Tamil women “have been protesting for the past three years, demanding army returns their land confiscated during the civil war,” Al Jazeera reports.
Chandraleela Jasinthan and her neighbours were forced out of their homes during the last days of the civil war. 10 years later and the army is still occupying their land.
“For more than three years, Jasinthan and dozens of other women in Keppapilavu have held one of the longest protests in Sri Lanka’s history at the entrance to an army camp they say was built on their ancestral land.”
Keppapilavu protesters denouncing the occupation of their land
“The men say they have to work, that they are afraid of the army. But for us women, this land is our security, our right - if we do not fight for it, who will?" said Jasinthan.
"We lost everything in the war; why must we also lose the land we have lived on for generations? These are our homes, our livelihoods," she added.
“In Keppapilavu, some 142 hectares (350 acres) of land is still held by the army, according to the People's Alliance for Right to Land. Former President Maithripala Sirisena had promised to return all private land in the northern and eastern provinces by December 31 2018. But the deadline was not met, according to land rights groups.”
“Chellamma Singharatnam, a spry 87 year old who fled her home in Puthukkudiyiruppu, northeastern Sri Lanka, as the army advanced in May 2009, had to resort to a hunger strike to get her home back.”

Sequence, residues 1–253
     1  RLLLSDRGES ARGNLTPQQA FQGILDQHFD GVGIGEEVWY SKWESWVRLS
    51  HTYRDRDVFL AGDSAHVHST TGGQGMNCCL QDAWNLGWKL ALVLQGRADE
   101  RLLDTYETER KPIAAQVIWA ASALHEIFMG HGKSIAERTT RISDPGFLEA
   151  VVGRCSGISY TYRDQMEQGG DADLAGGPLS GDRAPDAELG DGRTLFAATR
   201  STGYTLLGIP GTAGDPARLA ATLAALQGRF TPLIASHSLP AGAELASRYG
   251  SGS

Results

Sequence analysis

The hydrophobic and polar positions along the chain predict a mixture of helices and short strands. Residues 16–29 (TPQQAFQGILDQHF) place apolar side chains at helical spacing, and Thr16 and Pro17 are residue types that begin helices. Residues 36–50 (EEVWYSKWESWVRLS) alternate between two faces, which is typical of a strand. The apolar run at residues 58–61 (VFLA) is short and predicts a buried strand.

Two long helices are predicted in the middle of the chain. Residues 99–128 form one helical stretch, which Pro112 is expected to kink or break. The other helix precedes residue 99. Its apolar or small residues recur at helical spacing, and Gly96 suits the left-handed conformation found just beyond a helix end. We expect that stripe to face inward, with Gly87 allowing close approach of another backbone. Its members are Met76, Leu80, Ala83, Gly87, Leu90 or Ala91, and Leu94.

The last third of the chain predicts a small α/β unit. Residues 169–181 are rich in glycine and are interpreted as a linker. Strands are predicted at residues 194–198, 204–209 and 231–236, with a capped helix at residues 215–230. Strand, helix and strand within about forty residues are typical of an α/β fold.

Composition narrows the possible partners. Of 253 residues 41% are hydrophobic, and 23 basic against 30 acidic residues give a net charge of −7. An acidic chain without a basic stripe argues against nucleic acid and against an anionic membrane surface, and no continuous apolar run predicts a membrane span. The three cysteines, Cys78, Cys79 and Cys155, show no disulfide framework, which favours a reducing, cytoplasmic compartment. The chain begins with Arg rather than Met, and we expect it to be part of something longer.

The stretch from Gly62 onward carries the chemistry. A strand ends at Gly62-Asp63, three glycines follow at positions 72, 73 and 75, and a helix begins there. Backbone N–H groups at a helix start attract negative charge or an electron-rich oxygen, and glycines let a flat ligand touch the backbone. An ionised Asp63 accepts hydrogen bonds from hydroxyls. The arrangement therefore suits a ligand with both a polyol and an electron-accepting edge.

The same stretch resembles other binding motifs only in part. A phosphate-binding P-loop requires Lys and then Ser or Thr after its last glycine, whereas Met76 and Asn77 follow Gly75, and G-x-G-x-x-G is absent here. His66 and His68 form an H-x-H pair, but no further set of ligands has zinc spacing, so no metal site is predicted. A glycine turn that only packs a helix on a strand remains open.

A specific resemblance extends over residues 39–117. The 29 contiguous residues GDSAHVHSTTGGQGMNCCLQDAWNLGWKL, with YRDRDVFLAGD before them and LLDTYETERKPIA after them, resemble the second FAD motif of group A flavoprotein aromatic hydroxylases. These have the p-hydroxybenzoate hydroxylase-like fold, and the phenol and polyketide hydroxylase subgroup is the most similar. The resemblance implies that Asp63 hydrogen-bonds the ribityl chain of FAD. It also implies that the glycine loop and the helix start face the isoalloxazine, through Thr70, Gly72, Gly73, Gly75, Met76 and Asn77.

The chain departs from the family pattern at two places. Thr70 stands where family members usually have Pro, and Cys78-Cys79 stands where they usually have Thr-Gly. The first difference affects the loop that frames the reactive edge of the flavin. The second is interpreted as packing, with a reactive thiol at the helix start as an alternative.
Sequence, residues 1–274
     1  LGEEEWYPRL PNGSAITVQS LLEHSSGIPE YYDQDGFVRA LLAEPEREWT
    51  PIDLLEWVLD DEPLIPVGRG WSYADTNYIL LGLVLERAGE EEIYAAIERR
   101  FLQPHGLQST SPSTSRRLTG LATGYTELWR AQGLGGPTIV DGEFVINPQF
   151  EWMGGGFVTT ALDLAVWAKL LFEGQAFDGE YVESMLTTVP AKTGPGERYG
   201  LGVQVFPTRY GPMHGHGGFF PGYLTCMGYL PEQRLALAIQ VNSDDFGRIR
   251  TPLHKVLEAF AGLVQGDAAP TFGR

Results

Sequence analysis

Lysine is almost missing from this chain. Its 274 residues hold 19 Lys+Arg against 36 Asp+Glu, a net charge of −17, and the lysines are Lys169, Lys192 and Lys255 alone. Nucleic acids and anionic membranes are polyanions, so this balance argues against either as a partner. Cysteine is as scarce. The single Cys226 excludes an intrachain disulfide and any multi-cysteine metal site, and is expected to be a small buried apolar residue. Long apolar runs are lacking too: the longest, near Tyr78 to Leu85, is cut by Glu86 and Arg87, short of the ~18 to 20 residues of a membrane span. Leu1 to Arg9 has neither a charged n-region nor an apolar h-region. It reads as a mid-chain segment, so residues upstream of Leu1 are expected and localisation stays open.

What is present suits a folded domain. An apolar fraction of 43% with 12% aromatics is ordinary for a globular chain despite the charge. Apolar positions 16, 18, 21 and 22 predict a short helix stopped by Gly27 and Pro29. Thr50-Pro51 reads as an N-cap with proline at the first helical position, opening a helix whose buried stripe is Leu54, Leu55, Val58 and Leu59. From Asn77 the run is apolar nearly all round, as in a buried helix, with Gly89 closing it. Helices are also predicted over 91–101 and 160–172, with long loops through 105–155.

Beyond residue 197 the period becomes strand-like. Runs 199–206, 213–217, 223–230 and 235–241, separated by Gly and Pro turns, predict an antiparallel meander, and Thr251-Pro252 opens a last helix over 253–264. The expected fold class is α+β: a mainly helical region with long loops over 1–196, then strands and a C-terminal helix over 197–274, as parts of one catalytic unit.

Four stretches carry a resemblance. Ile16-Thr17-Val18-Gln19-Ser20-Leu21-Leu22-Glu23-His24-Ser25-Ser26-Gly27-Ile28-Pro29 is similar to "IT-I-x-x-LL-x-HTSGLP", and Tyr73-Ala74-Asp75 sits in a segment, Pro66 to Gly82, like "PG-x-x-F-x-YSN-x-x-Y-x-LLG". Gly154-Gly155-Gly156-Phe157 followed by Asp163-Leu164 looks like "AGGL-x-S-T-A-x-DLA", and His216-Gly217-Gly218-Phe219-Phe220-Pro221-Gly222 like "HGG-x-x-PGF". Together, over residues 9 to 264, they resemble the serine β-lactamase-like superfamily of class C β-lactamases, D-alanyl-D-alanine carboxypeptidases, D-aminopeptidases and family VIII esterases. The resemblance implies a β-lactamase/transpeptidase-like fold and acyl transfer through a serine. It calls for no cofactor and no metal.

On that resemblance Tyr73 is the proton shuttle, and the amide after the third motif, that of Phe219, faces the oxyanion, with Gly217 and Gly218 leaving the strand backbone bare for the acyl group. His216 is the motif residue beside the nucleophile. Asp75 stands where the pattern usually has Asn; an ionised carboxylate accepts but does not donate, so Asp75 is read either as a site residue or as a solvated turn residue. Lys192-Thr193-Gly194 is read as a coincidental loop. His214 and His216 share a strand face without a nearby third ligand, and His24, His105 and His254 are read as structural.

“When she and her family returned after nearly three years in displacement camps, they learned that the army had taken over both her house and her daughter’s home. After several petitions, Singharatnam went on a hunger strike outside the district secretariat office. Other women from the village joined her, and the strike lasted a month.”
“In the end, the army agreed to return the homes, although they had been badly damaged,” she recalled.
"There was trash everywhere, the furniture was broken, even the doors and windows were gone," she said.
"We had to borrow money, and only managed to repair one house so far. We had no assistance, and don't know when we can fix the other house," she said, sitting outside her home.
“Dysfunctional legal systems, corruption, lack of transparency and accountability, and the loss of land records make it difficult to resolve land disputes during and after a war, according to researchers.”
“The army used confiscated land to set up camps and high-security zones, thwarting the return of those who fled.”
“Last year, about 100 former residents of the northern island of Iranaitivu boarded more than 24 boats from the mainland, returned to their island, and occupied it peacefully. They had been uprooted in 1992 by the army, lived on the mainland for years, only able to return to their land to fish and harvest coconuts.”
April 2018 - Iranaitivu residents sail back in daring protest
“They had hoped to return to their homes in 2009 after the war ended , but the Sri Lankan Navy said the island was of strategic importance and barred them from returning. After numerous petitions, women- particularly widows who had struggled to make a living without access to the island- staged a year-long protest from 2018, demanding the return of their land.”
“Jasinthan has been summoned to court several times - including the day after her husband died - because of the protests. She said she has received threats, and has installed security cameras at her home and acquired a pair of guard dogs.”
"As a widow, it is harder to go against the army. But this land is all we have, so we are going to continue to protest till we get it back," she said.
Read the full piece here.